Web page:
PlanSo now the EEG board is out for manufacturing it is time to start designing the software. I figure I can use an existing Sparky to generate fake data and begin on the android application. Here are a few of the features I want to have in the app:
- Configuration (e.g. setting reference electrodes and bias configuration)
- Noise measurement
- Waveform visualization (with filtering)
- Spectra visualization (as well as pseudocolored time plots)
- Basic control app (e.g. 2-D cursor that you try and move around)
So this will be done by modifying the existing software stack (android app and sparky firmware). I think I will keep the UAVO manager in place and use that for general settings and status information. This can work via the USB HID interface.
Initially for the data stream I will attempt to run it via UAVO updates as well to try for the greatest reusability of the code. However, if this doesn't work then I'll use a VCP stream. This just gets a bit awkward when using TCP as then we will need two independent streams (e.g. separate sockets).
Since the data is 24 bits wide, I could either pack it into int32 fields or just use real units and represent it as a single - the latter seems preferable to me. I'll make an object which has a sample counter and an array of singles. In the future if I use multiple ADS1299 then I can just go ahead and use a multiple instance UAVO.
So with this plan the steps going forward are:
- Create the data UAVO
- Create a firmware module that in the future will read from the ADS1299. For now it will just generate synthetic data at 200 Hz.
- Check that all the samples are received
- Create an android activity that plots the traces
With a modified firmware in hand sourcing sin waves sampled at 200 Hz, I got hacking on the Android app. I wrote a telemetry task that runs within the service context and keeps a running buffer of the last few seconds of data. It monitors for any skips in the sample counter and at that rate I see about 1 or 2 skips every second. Not perfect but good enough for now. It's comfortably sustaining 10 KB/s.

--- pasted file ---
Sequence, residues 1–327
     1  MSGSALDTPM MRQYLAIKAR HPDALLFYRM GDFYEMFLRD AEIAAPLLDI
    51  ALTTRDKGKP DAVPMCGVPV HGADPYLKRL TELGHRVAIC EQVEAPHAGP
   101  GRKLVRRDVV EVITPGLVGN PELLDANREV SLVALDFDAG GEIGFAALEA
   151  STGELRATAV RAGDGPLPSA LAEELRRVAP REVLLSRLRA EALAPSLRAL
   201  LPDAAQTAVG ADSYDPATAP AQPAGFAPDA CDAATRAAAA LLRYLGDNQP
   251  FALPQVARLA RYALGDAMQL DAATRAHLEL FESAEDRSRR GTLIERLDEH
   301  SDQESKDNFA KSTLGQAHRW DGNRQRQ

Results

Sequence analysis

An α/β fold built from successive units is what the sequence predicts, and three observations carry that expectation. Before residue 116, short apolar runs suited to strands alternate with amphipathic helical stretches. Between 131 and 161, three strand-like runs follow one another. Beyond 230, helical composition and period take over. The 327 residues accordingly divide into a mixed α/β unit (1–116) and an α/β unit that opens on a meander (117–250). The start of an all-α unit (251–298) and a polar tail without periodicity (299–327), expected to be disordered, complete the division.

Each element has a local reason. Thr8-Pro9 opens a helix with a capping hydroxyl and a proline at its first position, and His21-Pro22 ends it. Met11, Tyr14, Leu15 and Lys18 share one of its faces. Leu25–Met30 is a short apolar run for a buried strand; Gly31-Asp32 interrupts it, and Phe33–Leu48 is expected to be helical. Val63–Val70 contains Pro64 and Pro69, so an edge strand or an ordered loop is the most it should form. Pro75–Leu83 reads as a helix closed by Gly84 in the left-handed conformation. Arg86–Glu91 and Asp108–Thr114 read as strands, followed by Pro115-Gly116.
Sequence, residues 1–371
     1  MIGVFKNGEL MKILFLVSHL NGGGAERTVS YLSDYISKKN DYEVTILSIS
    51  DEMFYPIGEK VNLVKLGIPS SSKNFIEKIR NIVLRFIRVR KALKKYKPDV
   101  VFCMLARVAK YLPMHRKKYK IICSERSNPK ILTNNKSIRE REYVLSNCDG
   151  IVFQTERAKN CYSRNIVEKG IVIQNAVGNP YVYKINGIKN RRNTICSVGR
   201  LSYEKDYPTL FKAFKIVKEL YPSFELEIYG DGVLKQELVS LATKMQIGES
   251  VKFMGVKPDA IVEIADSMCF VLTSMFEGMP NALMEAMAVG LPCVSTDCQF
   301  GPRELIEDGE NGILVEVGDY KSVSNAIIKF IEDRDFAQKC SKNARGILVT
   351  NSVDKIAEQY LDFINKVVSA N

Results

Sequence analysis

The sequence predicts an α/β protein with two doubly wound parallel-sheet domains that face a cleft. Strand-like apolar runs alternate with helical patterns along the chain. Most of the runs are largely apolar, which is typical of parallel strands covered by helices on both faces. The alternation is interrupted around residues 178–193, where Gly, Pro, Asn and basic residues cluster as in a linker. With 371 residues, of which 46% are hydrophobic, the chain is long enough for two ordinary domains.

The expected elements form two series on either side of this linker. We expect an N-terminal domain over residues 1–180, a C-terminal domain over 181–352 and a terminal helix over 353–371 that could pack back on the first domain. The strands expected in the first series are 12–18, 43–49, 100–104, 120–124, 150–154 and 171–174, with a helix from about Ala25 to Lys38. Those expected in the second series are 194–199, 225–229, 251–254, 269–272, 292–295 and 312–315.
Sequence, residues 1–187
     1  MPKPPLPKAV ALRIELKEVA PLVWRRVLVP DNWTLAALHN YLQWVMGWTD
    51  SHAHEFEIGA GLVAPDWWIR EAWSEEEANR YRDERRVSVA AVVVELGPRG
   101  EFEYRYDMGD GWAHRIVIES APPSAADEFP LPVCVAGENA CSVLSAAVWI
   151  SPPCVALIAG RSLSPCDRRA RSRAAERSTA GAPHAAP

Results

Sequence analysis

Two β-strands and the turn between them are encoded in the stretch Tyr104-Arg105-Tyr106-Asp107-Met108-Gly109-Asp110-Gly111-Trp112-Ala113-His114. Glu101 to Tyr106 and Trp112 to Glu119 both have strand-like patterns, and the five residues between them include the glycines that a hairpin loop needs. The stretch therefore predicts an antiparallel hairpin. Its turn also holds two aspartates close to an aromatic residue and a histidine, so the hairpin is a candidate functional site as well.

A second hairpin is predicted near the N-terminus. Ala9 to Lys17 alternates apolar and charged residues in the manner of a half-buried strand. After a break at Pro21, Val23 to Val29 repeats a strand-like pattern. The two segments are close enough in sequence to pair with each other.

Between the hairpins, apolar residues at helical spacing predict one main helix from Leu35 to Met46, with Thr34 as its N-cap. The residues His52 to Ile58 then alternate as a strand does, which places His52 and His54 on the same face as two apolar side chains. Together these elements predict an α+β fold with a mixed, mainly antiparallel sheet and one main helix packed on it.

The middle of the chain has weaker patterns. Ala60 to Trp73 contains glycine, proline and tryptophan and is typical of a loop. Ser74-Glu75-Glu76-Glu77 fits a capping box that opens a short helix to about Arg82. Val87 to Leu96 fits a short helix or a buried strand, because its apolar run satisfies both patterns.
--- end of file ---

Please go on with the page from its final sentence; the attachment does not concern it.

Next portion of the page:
Later I'll try and determine if those are skips on the firmware transmission side or somehow they are dropped updates on the android side. The event system doesn't indicate any missed updates so I'm guessing that is what is happening. It's pretty nice because the built in logging for the UAVs is working for this transparently, so I can email the logs and process them with the matlab code for visualization.
The top row shows the diff on the sample index. It looks like most of the time there is a missed update there is a zero for the counter difference - so I'm guessing there is a timing error on the flight side and it is skipping one sample and then sending duplicates of the same data point. Since the whole point of this is streaming this data I will modify telemetry to have a special queue that actually stores the history of values to send instead of pointers to which object to send. It might be easier to have the EEG module try and pack the data too if that doesn't break telemetry talking to the the USB comm device.
For now I just wanted a simple streaming graph. I'm using the GraphView library which is pretty straightforward and seems to perform well.
And then you can plot all the channels. This gets a little tight on screen real estate and also the update rate starts to drop a bit. For fancier visualizations like this I will probably need to come up with a more performant library. Also, without modifying GraphView it isn't possible to get the graphs all close to each other. Perhaps one widget that is directly rendering it all. However, this isn't a huge issue right now so I'll put it off.
It can also plot the spectrum of the traces. No labels yet. The speed seems reasonable.
Finally a simple spectrogram plot. None of the bells and whistles such as selectable channels or multiple channels yet, let alone windowing parameters. I'll leave that for when I know what I'm looking for.
This doesn't have a logarithmic scale yet, so the 2 Hz wave is close to the edge of the axis (full bandwidth 100 Hz).
Anyway, not a bad start I think. When it is charged tomorrow I'll try the app out on my Nexus 7. The bigger screen should be nice, although I think both it and the Nexus 5 are 1080p so no real pixels extra. Some of these functions I'll probably backport to TauLabs as having some of the plotting functions might be useful in the field.
Now It's really just wait for the board to arrive, or start reading about various signal processing algorithms and start hacking. However, those are typically better done on real data. The logging function will be extremely useful for having the code already written to record the sessions.